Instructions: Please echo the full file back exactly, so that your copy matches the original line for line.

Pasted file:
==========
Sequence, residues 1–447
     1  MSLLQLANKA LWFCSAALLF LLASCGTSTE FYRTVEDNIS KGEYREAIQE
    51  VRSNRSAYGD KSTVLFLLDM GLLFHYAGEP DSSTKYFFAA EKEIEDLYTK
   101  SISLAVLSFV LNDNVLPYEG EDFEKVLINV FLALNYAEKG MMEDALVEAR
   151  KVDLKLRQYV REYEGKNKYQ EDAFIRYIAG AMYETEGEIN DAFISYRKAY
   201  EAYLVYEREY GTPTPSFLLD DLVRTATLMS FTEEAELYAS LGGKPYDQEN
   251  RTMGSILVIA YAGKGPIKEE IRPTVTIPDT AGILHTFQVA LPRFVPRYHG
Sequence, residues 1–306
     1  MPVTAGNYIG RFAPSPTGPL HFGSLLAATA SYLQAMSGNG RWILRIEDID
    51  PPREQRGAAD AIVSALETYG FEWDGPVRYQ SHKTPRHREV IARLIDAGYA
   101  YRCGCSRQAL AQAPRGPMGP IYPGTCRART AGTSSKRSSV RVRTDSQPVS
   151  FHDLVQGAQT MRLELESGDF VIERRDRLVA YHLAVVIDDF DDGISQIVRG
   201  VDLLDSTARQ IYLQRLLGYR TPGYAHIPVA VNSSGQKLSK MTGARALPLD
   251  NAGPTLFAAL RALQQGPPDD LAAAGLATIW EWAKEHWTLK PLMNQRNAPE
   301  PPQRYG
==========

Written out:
Sequence, residues 1–447
     1  MSLLQLANKA LWFCSAALLF LLASCGTSTE FYRTVEDNIS KGEYREAIQE
    51  VRSNRSAYGD KSTVLFLLDM GLLFHYAGEP DSSTKYFFAA EKEIEDLYTK
   101  SISLAVLSFV LNDNVLPYEG EDFEKVLINV FLALNYAEKG MMEDALVEAR
   151  KVDLKLRQYV REYEGKNKYQ EDAFIRYIAG AMYETEGEIN DAFISYRKAY
   201  EAYLVYEREY GTPTPSFLLD DLVRTATLMS FTEEAELYAS LGGKPYDQEN
   251  RTMGSILVIA YAGKGPIKEE IRPTVTIPDT AGILHTFQVA LPRFVPRYHG
Sequence, residues 1–306
     1  MPVTAGNYIG RFAPSPTGPL HFGSLLAATA SYLQAMSGNG RWILRIEDID
    51  PPREQRGAAD AIVSALETYG FEWDGPVRYQ SHKTPRHREV IARLIDAGYA
   101  YRCGCSRQAL AQAPRGPMGP IYPGTCRART AGTSSKRSSV RVRTDSQPVS
   151  FHDLVQGAQT MRLELESGDF VIERRDRLVA YHLAVVIDDF DDGISQIVRG
   201  VDLLDSTARQ IYLQRLLGYR TPGYAHIPVA VNSSGQKLSK MTGARALPLD
   251  NAGPTLFAAL RALQQGPPDD LAAAGLATIW EWAKEHWTLK PLMNQRNAPE
   301  PPQRYG